By BRIAN DAVIS

Editor’s note: The following is a guest perspective.

Home prices and sales may be flat, but the rental industry is booming. The percentage of renters is on the rise, the number of households is increasing, and more Americans are downsizing, all of which point in a single direction: rents are on the rise.

At the peak of the housing boom, homeownership in America reached an all-time high at 69.2 percent. Today that number has plummeted to fewer than 67 percent, which may not sound like a huge drop, but that represents roughly 3 million households that were owner-occupied and are now tenant-occupied.

The high foreclosure rate has accelerated the transition toward leasing, but there are a myriad of other trends coalescing to boost demand for rental housing.

For the first time in 40 years, demand has been shifting toward smaller dwellings, coinciding with a shift in demand toward urban centers. Baby boomers are considering downsizing, moving toward areas with more amenities, and members of Generation Y are just hitting their single, urban-living years.

Only the relatively small Generation X is in the buy-a-large-house-in-suburbs category, which means the demand for the traditional single-family home with a white picket fence is weak.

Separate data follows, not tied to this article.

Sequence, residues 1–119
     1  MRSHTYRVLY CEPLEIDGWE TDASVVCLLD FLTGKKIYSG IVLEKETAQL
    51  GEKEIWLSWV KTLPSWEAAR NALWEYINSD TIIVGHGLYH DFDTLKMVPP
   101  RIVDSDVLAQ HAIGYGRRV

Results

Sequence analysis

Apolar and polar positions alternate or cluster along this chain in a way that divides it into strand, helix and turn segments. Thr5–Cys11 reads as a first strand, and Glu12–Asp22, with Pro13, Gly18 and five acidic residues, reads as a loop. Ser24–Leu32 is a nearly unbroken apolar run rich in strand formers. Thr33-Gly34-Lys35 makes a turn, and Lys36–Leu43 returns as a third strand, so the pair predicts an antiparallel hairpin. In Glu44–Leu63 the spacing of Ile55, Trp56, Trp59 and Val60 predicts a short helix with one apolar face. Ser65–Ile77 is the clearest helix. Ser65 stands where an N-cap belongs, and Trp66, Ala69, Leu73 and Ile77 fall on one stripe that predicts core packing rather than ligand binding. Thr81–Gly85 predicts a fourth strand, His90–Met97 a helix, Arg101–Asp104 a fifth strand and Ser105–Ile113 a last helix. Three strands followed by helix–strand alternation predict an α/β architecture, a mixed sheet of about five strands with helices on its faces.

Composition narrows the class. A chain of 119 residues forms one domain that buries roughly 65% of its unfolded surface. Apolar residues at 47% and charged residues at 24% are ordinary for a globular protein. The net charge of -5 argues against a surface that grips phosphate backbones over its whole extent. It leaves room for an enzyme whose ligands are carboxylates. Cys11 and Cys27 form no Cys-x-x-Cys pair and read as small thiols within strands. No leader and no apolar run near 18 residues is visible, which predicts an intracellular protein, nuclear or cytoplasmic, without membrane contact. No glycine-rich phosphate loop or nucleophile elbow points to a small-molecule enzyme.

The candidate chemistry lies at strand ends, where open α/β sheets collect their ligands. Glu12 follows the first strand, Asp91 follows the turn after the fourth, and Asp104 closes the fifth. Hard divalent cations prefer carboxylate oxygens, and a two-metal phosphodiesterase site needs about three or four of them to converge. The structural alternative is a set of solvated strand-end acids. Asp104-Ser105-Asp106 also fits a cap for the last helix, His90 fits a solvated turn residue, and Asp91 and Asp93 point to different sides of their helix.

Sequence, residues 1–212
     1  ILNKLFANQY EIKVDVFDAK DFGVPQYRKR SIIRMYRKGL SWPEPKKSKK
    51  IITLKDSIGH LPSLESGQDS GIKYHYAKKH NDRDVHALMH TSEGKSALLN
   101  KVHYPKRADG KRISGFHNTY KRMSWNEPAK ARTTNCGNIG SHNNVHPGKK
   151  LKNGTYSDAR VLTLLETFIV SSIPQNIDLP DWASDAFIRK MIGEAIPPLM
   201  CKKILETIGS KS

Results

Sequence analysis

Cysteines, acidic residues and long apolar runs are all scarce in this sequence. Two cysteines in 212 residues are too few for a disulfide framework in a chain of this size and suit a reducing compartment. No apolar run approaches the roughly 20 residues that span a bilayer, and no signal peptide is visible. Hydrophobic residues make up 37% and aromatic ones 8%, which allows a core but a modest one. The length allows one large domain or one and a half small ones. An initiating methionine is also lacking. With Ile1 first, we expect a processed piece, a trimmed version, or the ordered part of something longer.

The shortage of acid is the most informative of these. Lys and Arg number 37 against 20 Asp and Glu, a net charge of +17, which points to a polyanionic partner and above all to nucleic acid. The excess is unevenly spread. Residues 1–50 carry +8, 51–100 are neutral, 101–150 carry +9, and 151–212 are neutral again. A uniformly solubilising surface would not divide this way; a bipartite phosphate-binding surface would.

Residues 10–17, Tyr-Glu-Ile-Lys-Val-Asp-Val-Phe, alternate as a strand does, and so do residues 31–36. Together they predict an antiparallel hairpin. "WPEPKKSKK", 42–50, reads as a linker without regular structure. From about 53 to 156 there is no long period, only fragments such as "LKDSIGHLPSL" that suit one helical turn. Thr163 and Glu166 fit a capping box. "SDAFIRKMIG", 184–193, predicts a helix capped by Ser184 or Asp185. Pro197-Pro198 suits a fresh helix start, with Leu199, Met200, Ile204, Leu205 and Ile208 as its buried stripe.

The number of households in the U.S. was artificially stifled during the "Great Recession," as people took on roommates, moved in with family, or remained with their parents longer than they would have otherwise.

It’s estimated that 1.2 million young adults moved back with their parents from 2005-10, which does not include the number of adults who moved in with roommates or those who would have moved out of their parents’ houses but didn’t because the economy was so bad.

Now, however, these artificially joined households are separating, the vast majority starting with a lease agreement.

Rental vacancy rates are sharply on the decline as well. In the first quarter of 2011, rental vacancy rates had dropped to 6.2 percent, according to Reis Inc., which tracks nationwide residency data. This figure is down sharply from the 8 percent vacancy rate just one year earlier.

That, of course, means that rents are on the rise. Reis tracks data for 82 metropolitan areas in America, and of those, 75 experienced increased rents from early 2010 to early 2011. Furthermore, the nationwide average rental amount rose from $967 in early 2010 to $991 in 2011.

Each of these indicators are entire topics in themselves, but the bottom line is that the rental industry is on the rise, and some real estate experts believe that its growth will accelerate rapidly over the next three to five years.

Apartment-building construction is already responding to the growing demand for rental housing, but with so many construction firms either out of business or licking their wounds, it’s anticipated that there will be a rental housing shortage in many major cities around the country over the next few years.

Brian Davis is a veteran landlord and vice president of ezLandlordForms, which offers landlord information and legal forms.

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